Floyd Rose tremolos tend to be polarizing with guitarists. It’s a love/hate thing, and I’ve gone back and forth on these myself. I spent almost a decade depending on them and then another decade avoiding them like the plague. Now I’m at the point where I can appreciate them for what they are, and the company is doing some really cool things that makes me like them even better.
Early one Saturday morning I found myself searching for “taylor acoustic” on dallas.craigslist.org. Little did I know I would stumble on a lot of guitars that a guy was needing to sell quickly. He had three Taylors I was interested in, but only two were in my price range: 814CE (2017) and 712CE (2012). They were both amazing instruments, and I would have been happy with either one. I chose the 814 because it was larger and was more of what I was originally looking for. It was crazy clean; not a mark on it and still had the factory strings. It was basically a new guitar that was $1,200 less than the going price. How could I not buy it?!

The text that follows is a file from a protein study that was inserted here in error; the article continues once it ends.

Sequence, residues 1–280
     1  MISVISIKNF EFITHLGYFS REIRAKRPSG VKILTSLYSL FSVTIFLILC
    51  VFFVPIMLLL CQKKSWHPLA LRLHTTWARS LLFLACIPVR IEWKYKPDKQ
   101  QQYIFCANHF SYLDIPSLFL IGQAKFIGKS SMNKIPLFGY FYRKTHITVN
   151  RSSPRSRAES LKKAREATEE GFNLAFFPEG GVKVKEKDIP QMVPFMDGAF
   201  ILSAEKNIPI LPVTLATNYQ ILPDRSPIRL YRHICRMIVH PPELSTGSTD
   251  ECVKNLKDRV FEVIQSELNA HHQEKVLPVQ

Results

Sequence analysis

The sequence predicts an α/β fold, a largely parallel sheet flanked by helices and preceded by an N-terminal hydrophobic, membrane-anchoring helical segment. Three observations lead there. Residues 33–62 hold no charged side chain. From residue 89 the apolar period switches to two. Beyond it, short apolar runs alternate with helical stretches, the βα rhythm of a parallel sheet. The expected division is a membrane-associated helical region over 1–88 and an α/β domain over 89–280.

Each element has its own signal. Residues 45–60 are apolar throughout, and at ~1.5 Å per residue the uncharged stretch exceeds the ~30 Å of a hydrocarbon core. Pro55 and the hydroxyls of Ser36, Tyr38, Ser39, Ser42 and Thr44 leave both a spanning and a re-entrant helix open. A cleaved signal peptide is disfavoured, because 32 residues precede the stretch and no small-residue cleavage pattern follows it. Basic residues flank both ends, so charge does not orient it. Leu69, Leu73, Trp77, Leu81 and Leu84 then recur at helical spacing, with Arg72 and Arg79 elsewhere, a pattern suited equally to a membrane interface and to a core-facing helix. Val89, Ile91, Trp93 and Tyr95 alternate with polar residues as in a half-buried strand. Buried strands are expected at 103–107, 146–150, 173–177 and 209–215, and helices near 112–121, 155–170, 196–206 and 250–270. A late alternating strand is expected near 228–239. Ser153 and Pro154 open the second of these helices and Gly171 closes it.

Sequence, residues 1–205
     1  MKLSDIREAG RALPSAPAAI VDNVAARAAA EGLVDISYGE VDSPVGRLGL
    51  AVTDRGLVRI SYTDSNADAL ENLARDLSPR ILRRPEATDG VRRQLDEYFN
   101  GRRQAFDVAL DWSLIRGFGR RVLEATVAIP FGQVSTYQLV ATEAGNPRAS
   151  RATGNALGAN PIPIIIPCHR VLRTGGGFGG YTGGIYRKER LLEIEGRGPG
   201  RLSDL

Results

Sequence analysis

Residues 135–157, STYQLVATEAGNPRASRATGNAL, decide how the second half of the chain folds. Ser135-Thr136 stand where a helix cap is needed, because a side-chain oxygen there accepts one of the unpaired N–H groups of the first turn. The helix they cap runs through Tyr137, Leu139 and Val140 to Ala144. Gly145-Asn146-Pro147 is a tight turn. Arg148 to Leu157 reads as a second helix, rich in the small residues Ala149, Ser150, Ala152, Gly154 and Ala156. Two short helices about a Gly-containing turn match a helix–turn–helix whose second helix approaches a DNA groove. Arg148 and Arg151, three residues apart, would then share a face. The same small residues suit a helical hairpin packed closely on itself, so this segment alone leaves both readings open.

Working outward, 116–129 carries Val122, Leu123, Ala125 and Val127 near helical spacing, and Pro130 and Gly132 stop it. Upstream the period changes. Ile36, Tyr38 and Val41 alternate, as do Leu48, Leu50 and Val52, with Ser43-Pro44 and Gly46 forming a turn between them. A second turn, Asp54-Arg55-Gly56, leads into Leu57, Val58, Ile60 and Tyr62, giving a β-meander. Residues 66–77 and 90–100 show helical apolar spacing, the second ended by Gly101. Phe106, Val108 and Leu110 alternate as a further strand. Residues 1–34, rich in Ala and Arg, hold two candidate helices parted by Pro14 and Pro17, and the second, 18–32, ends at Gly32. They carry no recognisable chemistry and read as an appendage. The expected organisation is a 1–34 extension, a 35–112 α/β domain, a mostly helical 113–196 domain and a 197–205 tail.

Following up on the success on my tele and bass neck refinishes I decided to do the same to my strat. The major difference with this one is I bought this one with a factory finish from Warmoth in 2011. It begs the question, why would a refinish be needed seven years later?
I was so pleased with the results from refinishing my bass neck that I decided to do the same to my tele. This neck originally had a Tru-oil Gunstock finish on it that I sanded off. It was my first expieriment with finishing and it didn’t go very well. In hind sight, I think I may have bought a defective bottle. I remember the oil being more like a tar that was incredibly difficult to spread. Honestly this was about 12 years ago so my memory is not to be trusted. Continue reading “Tele Neck Refinish”